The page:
Thursday, November 21, 2013

Back At the Walnut Room

I’m on the El on my way to my semi-annual micro-vacation at the Walnut Room. Why is the train going so slowly today? At each stop, I glance at my watch hoping that I’ll be on time. Finally, the train arrives at Lake Street. I elbow my way out of the train and go through the Pedway and up to the seventh floor of Macy’s (formerly Marshal Fields) anticipating a relaxing lunch with my friend from the western exurbs.

Fortunately, it’s early enough in the holiday season that we can be seated without a reservation or having to wait on long lines. Coming here is always a vacation. We can sit in the paneled room overlooking the Chicago Loop as we talk of all things important and trivial, personal and professional without being rushed out.

Although it’s before Thanksgiving, the Christmas tree is decorated and all the other seasonal decorations are on display. As we bite into our salads, the fairy godmother stops at our table. “Do you beautiful ladies want to make a wish?”

“Yes, I do,” says my friend. Closing her eyes, she wishes for things unknown.

Next it’s my turn. There’s only one wish per customer. What will I wish for? My family is healthy and I don’t need any more material things. Do I wish for world peace? The success of the Affordable Health Care website? Peace in the Middle East? There are so many things to wish for in our imperfect world that it’s difficult to make a choice. The pressure is on. The fairy godmother has a lot of other tables to visit. I settle for economic justice and prosperity for the 99% and wish the Fairy Godmother a Merry Christmas.

Our squash soup and salads eaten, we talk about how the year has treated us. While the salads are good, they aren’t outstanding. Nevertheless, the ambiance is delicious, proving once again the
importance of eating in a warm, conducive atmosphere. Good conversation always adds to the flavor of the meal. We wish each other a Happy Thanksgiving and continue on our day.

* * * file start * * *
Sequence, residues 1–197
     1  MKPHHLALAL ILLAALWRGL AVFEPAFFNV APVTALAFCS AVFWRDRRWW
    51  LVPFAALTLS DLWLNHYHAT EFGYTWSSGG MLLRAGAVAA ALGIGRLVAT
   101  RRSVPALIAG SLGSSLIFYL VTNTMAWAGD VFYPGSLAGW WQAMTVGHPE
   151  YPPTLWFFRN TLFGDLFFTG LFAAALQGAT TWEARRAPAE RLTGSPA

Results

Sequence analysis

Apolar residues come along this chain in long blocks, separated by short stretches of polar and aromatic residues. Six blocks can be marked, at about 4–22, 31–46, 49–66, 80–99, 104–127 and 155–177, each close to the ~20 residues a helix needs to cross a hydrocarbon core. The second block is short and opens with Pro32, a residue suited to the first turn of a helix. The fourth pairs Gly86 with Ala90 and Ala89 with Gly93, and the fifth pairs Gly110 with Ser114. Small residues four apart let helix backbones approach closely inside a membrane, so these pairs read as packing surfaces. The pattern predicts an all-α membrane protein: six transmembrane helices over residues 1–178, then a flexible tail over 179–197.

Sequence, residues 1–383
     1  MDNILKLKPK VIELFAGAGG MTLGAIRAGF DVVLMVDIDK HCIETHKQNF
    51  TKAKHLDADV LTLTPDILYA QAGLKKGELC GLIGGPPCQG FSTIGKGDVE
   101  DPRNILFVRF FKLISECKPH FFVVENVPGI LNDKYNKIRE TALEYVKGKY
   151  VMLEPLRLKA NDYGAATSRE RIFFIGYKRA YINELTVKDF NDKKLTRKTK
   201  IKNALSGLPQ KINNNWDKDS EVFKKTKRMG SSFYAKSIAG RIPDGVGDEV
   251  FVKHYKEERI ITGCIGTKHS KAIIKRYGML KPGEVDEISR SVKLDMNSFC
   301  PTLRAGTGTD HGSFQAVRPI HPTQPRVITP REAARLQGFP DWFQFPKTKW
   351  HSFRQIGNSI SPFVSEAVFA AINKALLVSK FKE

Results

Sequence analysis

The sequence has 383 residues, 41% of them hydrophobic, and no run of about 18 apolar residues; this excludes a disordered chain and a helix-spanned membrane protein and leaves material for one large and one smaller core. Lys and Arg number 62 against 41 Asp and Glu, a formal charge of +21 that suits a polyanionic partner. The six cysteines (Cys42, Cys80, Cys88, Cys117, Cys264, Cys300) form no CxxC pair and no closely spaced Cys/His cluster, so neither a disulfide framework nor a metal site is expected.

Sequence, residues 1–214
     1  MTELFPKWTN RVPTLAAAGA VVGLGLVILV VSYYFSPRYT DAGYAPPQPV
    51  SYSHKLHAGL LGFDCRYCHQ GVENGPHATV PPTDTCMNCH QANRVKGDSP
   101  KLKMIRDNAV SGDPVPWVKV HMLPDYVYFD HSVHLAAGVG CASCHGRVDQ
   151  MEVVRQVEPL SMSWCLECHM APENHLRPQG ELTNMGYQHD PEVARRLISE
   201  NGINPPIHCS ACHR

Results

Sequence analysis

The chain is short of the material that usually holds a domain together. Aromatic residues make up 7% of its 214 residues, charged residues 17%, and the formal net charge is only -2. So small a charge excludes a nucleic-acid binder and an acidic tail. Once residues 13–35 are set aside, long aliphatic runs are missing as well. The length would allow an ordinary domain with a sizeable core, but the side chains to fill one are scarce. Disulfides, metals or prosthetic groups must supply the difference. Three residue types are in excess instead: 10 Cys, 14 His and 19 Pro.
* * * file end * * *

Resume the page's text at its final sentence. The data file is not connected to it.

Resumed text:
While I’m at it, I want to share a favorite quick recipes for salads. It takes a few minutes to prepare, leaving time left over to perfect the world.  Remember - ambience is half the battle.

                                                     Easy One-Week Salad
Cucumbers cut into pieces
Green peppers cut into pieces
Tomatoes cut into small wedges
Any other salad vegetables you like
Cut enough salad vegetables to last a week. Put aside in a plastic container in the refrigerator.

To individualize the salads, here are two of my favorites:
Greek Salad

Take enough salad vegetables for one meal. Add Kalamata olives and feta cheese. Cut in some pieces of Bermuda onion. A couple of anchovies (optional) chopped up add flavor. For dressing, add olive oil, lemon juice, and oregano

Black Bean and Cheese Salad

Take enough basic salad for one dinner. Add cilantro leaves, green olives, black beans drained of most of the liquid, and cheddar cheese diced into small pieces. For dressing, add lime juice and olive oil.

Good with wine, good bread, and whatever else you’re serving. Bon appetit!



Thursday, November 14, 2013

Some Great Holiday Gift Suggestions

Just in time! I’m so glad. The Chicago Tribune’s Sunday November 10th edition has a special section on watches, the perfect gift. “The price is right,” it says. Did you know that for a mere $442,000, you can get a Breguet Classique Double Tourbillion? If you don’t think it’s to your gift receiver’s liking, the Girard-Perregaux Three Bridge Tourbillon is only $211,500. It’s a consolation prize I’m sure. The one of a kind Patek Philippe sells for $3,985,067.
For a real bargain, the Ball Watch Trainmaster Doctor’s Chronograph in platinum is only $399,500. Seiko has a limited edition for only $3,400.
You’re all set. With all these choices, you can buy watches for everyone on your gift list. You’re shopping stress is obliterated. With all the websites, you can buy them on-line and save yourself a trip to the store.
With the money you’ve saved from all these bargains, you may want to make some donations to the homeless and those on the brink of homelessness. After all, most of the organizations aiding the homeless are tax exempt and you can get a deduction on your taxes if you donate to them. There are many organizations that are short of funds, but the good news is that the incomes of the 2% are back where they should be. In fact, the disparity between the top 10% and everyone else is at its highest since the 1920’s.
Let’s celebrate! Yesterday I tried another recipe for Cornish hens. It was very festive. The preparation time was only about 10 minutes and it serves four.
                                                Orange Sherry Cornish Hen
2 Cornish hens
½ onion cut into wedges
4 tsps orange marmalade
¼ cup sherry
1 Tbs minced garlic
Rosemary, ground ginger, paprika
Preheat the oven to 350 degrees Fahrenheit. Clean the hens and place them in a baking dish breast side up. Place an onion wedge in the cavity of each hen.
Mix all the remaining ingredients together in a cup. Pour half the mixture over the hens. Pour half of the remaining mixture into the cavity of the hens.
Place in the oven. Bake for 45 minutes. After that, pour the rest of the mixture over the hens and bake for another 15 minutes.
Now serve. Good with brown rice mixed with sautéed mushrooms and onions and a green vegetable. Bon Appetit!